Monday, August 15, 2016
Youcat commented through CCC – Question n. 181 - Part III.
(Youcat answer - repeated) God knows that we men are not only spiritual but also bodily creatures; we need signs and symbols in order to perceive and describe spiritual or interior realities.
A deepening through CCC
(CCC 1149) The great religions of mankind witness, often impressively, to this cosmic and symbolic meaning of religious rites. The liturgy of the Church presupposes, integrates and sanctifies elements from creation and human culture, conferring on them the dignity of signs of grace, of the new creation in Jesus Christ.
Reflecting and meditating
(Youcat comment) Whether it is red roses, a wedding ring, black clothing, graffiti, or aids armbands—we always express our interior realities through signs and are understood immediately. The incarnate Son of God gives us human signs in which he is living and active among us: bread and wine, the water of Baptism, the anointing with the Holy Spirit. Our response to God’s sacred signs instituted by Christ consists in signs of reverence: genuflecting, standing while listening to the Gospel, bowing, folding our hands. And as though for a wedding we decorate the place of God’s presence with the most beautiful things we have: flowers, candles, and music. In any case, signs also require words to interpret them.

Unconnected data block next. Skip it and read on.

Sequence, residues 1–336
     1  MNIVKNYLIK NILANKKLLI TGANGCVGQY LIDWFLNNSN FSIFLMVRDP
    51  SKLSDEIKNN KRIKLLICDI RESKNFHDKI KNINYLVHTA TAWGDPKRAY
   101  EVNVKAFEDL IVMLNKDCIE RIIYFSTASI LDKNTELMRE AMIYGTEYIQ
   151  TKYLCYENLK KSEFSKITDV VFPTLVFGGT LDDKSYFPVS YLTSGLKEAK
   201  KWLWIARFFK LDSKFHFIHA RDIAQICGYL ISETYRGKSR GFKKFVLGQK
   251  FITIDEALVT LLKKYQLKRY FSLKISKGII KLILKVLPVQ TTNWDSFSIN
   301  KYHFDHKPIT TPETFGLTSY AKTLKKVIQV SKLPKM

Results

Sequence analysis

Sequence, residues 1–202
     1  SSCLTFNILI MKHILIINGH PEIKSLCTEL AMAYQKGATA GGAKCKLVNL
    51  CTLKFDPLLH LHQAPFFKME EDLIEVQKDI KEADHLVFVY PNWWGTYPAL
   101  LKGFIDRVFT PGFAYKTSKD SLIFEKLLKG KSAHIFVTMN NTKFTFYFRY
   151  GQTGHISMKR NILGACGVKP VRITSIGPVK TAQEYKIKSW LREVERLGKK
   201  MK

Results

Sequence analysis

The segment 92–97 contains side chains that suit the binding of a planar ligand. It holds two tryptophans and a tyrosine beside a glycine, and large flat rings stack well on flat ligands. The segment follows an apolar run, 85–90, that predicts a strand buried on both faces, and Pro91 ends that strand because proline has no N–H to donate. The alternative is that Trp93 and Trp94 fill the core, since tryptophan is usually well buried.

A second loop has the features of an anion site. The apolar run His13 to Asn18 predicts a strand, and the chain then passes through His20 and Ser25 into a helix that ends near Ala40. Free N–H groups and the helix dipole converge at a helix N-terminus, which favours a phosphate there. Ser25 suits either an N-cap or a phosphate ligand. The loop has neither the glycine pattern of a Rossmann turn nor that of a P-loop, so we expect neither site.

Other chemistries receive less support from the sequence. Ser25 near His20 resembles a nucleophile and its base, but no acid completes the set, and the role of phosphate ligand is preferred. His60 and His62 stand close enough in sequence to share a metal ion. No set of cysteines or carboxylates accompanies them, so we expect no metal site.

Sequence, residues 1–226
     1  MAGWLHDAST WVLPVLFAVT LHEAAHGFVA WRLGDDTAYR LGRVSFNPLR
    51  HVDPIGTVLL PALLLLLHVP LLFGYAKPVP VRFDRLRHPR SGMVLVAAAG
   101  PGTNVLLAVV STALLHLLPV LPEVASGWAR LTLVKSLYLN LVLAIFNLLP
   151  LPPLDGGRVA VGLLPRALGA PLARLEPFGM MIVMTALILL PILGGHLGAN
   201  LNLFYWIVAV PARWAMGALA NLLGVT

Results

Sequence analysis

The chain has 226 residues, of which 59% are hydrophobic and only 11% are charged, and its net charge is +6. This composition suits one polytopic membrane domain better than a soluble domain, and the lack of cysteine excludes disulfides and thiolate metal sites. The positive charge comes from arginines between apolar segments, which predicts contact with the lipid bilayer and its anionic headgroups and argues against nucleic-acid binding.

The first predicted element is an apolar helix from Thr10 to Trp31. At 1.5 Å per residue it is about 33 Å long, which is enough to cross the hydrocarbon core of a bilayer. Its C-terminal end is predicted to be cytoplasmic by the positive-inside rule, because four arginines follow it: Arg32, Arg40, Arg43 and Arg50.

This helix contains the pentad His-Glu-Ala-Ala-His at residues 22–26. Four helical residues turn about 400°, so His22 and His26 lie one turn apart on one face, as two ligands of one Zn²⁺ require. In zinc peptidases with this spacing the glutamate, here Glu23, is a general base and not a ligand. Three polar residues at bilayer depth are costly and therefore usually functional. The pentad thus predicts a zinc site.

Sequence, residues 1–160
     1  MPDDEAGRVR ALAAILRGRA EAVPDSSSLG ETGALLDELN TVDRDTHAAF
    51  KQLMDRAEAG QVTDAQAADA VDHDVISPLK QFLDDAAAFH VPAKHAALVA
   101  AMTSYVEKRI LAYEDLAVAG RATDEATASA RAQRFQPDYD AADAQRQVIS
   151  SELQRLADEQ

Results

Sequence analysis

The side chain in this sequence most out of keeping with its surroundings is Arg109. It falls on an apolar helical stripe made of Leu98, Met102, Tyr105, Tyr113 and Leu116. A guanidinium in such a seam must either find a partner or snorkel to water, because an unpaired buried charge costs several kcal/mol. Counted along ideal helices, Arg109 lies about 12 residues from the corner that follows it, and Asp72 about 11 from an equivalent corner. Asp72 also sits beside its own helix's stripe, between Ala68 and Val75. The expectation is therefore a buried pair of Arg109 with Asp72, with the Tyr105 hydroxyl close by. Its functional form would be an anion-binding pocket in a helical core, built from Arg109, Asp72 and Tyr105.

(CCC 1150) Signs of the covenant. The Chosen People received from God distinctive signs and symbols that marked its liturgical life. These are no longer solely celebrations of cosmic cycles and social gestures, but signs of the covenant, symbols of God's mighty deeds for his people. Among these liturgical signs from the Old Covenant are circumcision, anointing and consecration of kings and priests, laying on of hands, sacrifices, and above all the Passover. The Church sees in these signs a prefiguring of the sacraments of the New Covenant.